Afghan President Hamid Karzai said Thursday he hoped the shooting of a Pakistani schoolgirl by the Taliban would convince Islamabad that using extremism as a tool against others was not in its interest.
The shooting of 14-year-old Malala Yousufzai, who campaigned for the right of girls to an education, showed that Islamabad's strategy was hurting Pakistan too, he said.
"I hope this very bitter truth... has convinced our brothers and sisters, the officials in Pakistan... that using extremism as a tool against others is not in the interest of Pakistan," Karzai said.
Speaking at a joint press conference with visiting NATO Secretary General Anders Fogh Rasmussen, Karzai called on Islamabad to join him in an "honest" fight against extremism, which he said was threatening both nations equally.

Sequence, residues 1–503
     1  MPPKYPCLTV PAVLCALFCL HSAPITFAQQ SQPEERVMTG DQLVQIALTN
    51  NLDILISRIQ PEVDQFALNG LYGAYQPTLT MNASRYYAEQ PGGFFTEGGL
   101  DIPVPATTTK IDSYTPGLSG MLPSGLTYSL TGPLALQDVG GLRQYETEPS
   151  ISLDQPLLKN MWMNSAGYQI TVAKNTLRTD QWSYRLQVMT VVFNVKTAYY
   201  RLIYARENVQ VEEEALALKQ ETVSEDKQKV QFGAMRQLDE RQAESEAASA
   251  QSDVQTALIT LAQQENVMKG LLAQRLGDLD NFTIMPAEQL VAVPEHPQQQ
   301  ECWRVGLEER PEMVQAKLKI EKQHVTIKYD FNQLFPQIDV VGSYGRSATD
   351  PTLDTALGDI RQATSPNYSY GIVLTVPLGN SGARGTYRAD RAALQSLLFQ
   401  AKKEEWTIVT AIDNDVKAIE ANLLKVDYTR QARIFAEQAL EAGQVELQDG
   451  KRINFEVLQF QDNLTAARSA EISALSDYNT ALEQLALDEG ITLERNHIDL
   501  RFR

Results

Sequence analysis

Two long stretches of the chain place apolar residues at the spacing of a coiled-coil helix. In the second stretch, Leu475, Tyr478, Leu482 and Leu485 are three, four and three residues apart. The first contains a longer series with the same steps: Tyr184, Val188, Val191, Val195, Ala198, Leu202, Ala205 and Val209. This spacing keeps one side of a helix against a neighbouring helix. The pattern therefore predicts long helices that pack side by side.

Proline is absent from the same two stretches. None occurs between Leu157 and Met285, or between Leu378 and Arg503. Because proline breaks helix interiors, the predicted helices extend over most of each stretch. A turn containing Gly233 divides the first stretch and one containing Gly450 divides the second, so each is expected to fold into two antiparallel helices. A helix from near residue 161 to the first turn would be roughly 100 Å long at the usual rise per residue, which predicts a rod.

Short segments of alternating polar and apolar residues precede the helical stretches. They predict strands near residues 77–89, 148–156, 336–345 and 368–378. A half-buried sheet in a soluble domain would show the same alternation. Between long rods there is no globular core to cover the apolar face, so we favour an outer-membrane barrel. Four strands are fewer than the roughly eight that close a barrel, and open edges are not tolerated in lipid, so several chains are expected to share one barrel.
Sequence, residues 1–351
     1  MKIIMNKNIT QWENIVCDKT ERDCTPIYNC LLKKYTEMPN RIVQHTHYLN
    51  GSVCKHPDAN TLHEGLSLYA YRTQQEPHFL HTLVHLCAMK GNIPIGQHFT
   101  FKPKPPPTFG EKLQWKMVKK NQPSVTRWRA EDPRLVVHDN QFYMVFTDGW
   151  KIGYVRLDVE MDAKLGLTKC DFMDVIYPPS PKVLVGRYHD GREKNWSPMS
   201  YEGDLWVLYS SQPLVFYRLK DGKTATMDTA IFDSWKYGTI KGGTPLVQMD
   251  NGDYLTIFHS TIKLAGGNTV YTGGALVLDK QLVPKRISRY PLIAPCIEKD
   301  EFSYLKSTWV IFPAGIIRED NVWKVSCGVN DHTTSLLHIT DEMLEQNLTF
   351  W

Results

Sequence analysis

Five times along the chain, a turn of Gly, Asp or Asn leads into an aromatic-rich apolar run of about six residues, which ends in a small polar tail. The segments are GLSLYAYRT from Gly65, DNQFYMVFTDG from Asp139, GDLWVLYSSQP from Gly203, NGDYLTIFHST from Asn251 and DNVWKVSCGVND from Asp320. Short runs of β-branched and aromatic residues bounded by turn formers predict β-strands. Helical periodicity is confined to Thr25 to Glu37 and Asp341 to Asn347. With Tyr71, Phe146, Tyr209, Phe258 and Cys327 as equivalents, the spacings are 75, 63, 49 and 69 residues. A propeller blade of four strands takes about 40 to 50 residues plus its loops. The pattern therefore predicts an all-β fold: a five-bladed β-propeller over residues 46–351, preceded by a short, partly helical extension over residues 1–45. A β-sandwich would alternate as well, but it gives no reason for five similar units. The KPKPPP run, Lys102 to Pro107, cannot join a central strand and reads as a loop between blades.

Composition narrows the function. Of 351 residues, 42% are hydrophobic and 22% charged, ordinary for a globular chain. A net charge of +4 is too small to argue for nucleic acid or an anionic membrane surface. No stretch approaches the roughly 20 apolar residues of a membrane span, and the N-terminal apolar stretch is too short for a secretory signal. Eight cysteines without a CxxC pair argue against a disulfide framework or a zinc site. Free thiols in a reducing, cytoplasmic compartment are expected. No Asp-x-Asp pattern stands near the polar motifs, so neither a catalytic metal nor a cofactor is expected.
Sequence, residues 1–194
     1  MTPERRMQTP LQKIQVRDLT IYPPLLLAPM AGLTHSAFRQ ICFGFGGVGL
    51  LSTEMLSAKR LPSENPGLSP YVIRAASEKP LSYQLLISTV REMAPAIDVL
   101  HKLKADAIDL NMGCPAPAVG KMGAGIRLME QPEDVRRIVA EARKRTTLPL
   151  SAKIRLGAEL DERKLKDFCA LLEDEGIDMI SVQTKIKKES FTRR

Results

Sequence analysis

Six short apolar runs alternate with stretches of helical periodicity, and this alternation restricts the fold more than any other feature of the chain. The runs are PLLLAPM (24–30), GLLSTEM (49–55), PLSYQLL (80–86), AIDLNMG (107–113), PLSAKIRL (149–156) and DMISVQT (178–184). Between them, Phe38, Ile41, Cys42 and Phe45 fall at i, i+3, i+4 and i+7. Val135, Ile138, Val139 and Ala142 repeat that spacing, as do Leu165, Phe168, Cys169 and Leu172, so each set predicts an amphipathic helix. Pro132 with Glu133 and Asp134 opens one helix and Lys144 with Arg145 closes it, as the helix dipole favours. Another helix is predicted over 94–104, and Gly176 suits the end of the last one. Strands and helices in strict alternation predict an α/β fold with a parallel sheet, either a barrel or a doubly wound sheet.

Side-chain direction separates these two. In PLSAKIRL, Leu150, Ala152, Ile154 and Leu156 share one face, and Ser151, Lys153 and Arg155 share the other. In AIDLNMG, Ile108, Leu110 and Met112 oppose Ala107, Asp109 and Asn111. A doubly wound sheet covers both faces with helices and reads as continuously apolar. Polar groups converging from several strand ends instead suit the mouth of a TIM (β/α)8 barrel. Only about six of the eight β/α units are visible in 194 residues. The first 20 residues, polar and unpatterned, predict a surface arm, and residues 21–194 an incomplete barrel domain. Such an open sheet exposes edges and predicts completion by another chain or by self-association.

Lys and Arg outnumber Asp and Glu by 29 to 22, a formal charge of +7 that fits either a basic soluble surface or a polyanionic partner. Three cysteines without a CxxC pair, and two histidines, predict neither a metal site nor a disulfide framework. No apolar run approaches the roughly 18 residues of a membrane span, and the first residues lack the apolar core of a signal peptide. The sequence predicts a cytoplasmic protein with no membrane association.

The Taliban insurgency in Afghanistan "has been the consequence of safe havens on Pakistani soil", said Karzai, describing extremism as a snake which could turn and bite anyone who tried to use it against others.
Pakistan, along with Saudi Arabia and the United States, sponsored the 1980s war in Afghanistan against Soviet troops which ultimately gave rise to Al-Qaeda and the Taliban.
Islamabad was a close ally of the 1996-2001 Taliban regime, but formally sided with the United States after the 9/11 attacks that precipitated the US-led invasion which brought into power Karzai's Western-backed administration.
Yousufzai, who remains in a hospital in the UK following the shooting, came to prominence with a blog for the BBC highlighting atrocities under the Pakistan Taliban, who overran the Swat valley from 2007 until an army offensive in 2009.
NATO has more than 100,000 troops in Afghanistan backing Karzai's government against the Taliban, but they will withdraw by the end of 2014 and hand responsibility over to local forces.